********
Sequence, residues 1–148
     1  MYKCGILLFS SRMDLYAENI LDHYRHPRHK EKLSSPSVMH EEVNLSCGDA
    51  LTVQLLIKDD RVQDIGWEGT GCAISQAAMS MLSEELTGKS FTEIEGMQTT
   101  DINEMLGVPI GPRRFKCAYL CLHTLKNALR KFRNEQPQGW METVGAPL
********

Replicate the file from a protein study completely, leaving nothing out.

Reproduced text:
Sequence, residues 1–148
     1  MYKCGILLFS SRMDLYAENI LDHYRHPRHK EKLSSPSVMH EEVNLSCGDA
    51  LTVQLLIKDD RVQDIGWEGT GCAISQAAMS MLSEELTGKS FTEIEGMQTT
   101  DINEMLGVPI GPRRFKCAYL CLHTLKNALR KFRNEQPQGW METVGAPL